Reading the Saturday Intelligencer
The Pope and Climate Change
The Faith section of the "newspaper" carried an AP story about Pope Francis and the coming encyclical on climate change and the environment:
Pope Francis warned the rich and powerful this week that God will judge them on whether they fed the poor and cared for the Earth, his latest exhortation on the environment ahead of his eagerly awaited encyclical on climate change and its effects on the world’s most vulnerable.
What surprised me was the descriptive headline that the Intelligencer used:
Pope: God Will Judge Stewardship Of the Planet
I assumed it would be something like:
Pope Joins War on Coal
The Michael Myer Column
Over 700 words to tell us that bipartisanship is sometimes good and sometimes not-so-good. Life is far too short to spend time analyzing this column but I have to confess that there was one paragraph that stood out for all the wrong reasons:
Bipartisanship would be a terrible thing for our state, as it would for the nation, at least as some people envision it. They belong to the Rodney King "why can't we all just get along" school of governance.
Invoking a phrase from Rodney King in 1993 in a column on bipartisan politics? King was talking about race and most certainly not talking about governance so why bring him up? Is this some sort of guilt by association? Myer never explains the point. What a bizarre reference even for Myer.
Ignoring the Attorney General Morrisey Story
In the previous two posts I highlighted how those favored by the local "newspapers" received coverage far in excess of what was deserved. Being an Ogden favorite also means anything negative will probably be ignored. Such is the case with Attorney General Morrisey. Here is some background on an ongoing conflict of interest for the AG as covered in a front page story in today's Charleston Gazette-Mail:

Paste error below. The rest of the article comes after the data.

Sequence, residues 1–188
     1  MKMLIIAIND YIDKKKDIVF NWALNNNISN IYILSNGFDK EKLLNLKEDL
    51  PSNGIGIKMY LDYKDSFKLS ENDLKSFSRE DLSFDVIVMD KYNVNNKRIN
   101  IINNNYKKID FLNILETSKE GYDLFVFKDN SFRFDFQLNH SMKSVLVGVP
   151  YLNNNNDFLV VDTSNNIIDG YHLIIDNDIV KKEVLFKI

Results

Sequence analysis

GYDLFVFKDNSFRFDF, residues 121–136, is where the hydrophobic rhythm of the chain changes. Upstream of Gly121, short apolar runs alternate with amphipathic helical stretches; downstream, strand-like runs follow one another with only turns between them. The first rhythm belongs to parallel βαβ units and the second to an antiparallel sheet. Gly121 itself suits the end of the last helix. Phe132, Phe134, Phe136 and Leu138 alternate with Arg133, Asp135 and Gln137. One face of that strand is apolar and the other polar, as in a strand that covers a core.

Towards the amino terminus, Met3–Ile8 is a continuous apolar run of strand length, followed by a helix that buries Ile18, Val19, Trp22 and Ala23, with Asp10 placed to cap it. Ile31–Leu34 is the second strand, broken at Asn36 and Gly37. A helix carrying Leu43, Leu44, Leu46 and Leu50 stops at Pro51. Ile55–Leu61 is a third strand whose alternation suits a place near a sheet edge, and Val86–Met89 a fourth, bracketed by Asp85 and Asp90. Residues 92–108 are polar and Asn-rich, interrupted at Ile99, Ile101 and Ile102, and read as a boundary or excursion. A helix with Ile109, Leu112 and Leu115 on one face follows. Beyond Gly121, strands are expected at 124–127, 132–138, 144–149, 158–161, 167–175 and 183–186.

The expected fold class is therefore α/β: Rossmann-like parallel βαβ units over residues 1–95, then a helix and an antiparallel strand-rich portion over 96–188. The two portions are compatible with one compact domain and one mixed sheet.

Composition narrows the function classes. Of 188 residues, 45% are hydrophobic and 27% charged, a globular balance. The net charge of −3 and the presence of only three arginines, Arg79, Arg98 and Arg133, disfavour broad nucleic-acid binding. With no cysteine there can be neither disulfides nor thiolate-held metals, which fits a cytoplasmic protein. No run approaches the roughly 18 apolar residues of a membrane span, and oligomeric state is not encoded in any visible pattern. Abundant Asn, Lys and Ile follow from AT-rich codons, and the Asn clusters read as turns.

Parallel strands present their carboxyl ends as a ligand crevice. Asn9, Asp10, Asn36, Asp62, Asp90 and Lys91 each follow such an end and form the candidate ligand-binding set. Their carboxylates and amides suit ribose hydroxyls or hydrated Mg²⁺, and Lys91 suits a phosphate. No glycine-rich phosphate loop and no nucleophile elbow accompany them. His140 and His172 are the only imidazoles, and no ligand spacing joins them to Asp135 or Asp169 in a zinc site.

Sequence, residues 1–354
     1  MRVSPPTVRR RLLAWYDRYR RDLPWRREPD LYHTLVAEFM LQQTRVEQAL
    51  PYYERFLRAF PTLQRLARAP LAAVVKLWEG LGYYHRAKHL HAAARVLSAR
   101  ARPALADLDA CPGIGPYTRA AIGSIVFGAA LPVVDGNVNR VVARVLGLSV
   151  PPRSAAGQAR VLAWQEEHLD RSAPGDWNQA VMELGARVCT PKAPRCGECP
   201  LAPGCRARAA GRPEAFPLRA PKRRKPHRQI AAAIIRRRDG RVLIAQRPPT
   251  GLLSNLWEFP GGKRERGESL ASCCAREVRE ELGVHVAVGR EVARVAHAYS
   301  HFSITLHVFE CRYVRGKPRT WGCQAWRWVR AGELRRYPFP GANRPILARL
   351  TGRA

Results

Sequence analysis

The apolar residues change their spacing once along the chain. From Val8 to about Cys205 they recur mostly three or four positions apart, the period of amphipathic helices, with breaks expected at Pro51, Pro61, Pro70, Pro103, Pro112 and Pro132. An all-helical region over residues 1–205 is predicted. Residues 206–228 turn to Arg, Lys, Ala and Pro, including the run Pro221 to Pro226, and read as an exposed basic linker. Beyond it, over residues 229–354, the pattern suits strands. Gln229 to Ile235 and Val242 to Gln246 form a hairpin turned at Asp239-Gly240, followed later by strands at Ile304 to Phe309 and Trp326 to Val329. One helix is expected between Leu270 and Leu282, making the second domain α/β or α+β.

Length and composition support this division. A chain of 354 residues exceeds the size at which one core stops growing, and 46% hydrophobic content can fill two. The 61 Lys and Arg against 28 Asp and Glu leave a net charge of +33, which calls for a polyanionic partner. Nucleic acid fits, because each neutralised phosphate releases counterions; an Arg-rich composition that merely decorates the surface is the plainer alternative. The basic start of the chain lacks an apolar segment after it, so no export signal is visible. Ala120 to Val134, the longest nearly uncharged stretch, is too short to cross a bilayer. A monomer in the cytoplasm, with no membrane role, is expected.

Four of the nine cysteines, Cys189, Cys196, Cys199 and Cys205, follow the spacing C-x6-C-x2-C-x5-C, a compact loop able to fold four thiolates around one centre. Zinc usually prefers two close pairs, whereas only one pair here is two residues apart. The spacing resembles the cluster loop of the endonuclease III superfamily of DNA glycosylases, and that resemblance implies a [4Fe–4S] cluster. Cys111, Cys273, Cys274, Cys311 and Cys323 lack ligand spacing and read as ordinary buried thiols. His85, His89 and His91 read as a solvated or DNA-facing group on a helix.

Morrisey inherited the Cardinal Health lawsuit from ousted attorney general Darrell McGraw, who alleged that the drug distributor helped fuel Southern West Virginia’s problem with prescription drugs by shipping an excessive number of pain pills to the region.
Cardinal Health, the nation’s second largest drug distributor, later contributed to Morrisey’s inauguration party, and the company’s executives wrote checks to Morrisey’s campaign before and after the November 2012 election.
Morrisey’s wife, Denise Henry, is a longtime Capitol Hill lobbyist for Cardinal Health. The drug distributor has paid Henry’s lobbying firm, Capitol Counsel, $940,000 since Morrisey took office in January 2013.
Morrisey is now attempting to block the Charleston paper's access to a critical email. As the Gazette-Mail notes:
Morrisey’s office has changed the description of the email’s contents three times over the past 18 months.
It's a complex story; the Charleston papers have been actively pursuing it as the Wheeling papers, not surprisingly, have been totally ignoring it. If you remember how our local "newspapers" covered his predecessor, Darrell McGraw, just imagine how much local attention this story would be getting if this were McGraw rather than Morrisey.